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Free Fiction Friday: “Crash and Burn” (S.L. Armstrong)

August 31, 2012

Down the road, S.L. Armstrong and I have a series of books planned that will star Dorian Gray. Yes, I mean Dorian Gray from Oscar Wilde’s The Picture of Dorian Gray. It’ll actually be a paranormal romance, as there will be magic and bad guys and all sorts of sex (come on, it wouldn’t be Dorian Gray without all manner of debauchery, would it?). The key to this romance is that Basil Hallward, the artist who originally painted Dorian’s portrait, keeps coming back. He’s reincarnated three times between the original life and the lifetime we meet him at in the story proper. Dorian’s life is one full of black moments, where he has been held captive, tortured, killed, and has endured all manner of humiliation. In between these bouts in his life, he reconnects with Basil in the new lives, though each life always ends in tragedy within a few short years.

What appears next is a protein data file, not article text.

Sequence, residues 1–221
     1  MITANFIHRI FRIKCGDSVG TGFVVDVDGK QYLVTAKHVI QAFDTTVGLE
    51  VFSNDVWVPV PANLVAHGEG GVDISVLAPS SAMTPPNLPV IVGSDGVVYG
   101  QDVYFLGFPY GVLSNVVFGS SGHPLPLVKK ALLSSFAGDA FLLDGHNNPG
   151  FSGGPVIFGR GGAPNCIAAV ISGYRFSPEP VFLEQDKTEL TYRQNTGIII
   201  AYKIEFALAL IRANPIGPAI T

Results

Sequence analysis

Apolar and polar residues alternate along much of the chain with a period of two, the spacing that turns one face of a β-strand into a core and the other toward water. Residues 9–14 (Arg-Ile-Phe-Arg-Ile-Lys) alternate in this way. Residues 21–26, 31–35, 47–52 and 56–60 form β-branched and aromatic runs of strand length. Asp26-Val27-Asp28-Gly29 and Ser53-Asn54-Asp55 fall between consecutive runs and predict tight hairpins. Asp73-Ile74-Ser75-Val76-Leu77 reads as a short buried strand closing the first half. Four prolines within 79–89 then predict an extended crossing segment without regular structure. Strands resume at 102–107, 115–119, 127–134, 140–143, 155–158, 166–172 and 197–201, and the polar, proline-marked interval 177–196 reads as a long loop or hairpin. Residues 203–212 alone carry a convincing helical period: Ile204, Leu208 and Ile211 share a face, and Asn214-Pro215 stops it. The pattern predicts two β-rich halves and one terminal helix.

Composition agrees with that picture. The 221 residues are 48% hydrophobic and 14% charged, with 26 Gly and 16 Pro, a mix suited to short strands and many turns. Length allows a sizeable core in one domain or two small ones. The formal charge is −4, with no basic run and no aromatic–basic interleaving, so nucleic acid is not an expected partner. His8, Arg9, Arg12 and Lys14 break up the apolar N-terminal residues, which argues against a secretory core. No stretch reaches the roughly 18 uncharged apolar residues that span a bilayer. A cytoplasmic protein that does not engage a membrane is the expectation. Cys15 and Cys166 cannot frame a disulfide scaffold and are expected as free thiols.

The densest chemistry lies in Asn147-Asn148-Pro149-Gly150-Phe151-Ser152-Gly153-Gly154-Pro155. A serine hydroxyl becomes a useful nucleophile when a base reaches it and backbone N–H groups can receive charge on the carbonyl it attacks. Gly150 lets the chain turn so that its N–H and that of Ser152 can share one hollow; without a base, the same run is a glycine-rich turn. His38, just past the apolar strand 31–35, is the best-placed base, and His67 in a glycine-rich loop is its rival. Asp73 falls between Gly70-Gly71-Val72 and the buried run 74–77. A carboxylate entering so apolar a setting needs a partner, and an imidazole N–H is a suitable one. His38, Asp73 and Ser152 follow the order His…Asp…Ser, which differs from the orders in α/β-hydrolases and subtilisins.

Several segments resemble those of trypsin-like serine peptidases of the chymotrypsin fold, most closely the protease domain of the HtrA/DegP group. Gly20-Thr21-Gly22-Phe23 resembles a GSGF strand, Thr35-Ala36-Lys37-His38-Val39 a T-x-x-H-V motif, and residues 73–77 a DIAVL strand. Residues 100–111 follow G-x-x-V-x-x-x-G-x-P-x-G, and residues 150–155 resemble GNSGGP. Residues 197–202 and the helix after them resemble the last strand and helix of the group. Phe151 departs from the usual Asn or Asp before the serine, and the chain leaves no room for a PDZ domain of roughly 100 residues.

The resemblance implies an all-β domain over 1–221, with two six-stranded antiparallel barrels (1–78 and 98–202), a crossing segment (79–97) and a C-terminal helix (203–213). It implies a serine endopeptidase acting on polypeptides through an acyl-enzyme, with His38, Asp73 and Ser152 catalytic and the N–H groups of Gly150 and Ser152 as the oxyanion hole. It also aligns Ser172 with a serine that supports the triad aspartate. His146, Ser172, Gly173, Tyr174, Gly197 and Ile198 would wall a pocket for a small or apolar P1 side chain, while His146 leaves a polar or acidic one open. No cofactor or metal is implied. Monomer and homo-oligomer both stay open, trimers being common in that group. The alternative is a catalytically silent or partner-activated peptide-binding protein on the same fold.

One such life is Victor Durand, a French poet he falls in love with in 1953 Paris. The trick about Victor, though, is that the memories of Basil’s life returned to him much sooner than any reincarnation prior to him. As a young boy, Basil’s memories asserted themselves and drove Victor on a life bent on revenge. His life wasn’t a happy one (he came of age when France was overrun by Nazi Germany, after all), and most of his relationship with Dorian wasn’t pleasant, either. He wanted to make Dorian pay for all the selfish, arrogant actions of the past. It’s a passionate love-hate relationship, as Victor/Basil loves Dorian as much as he hates him. It’s a story S.L. and I are just itching to tell, and we plan on writing a novel–after the series itself is complete–that visits that time in Dorian’s life: the meeting, loving, and losing of Victor.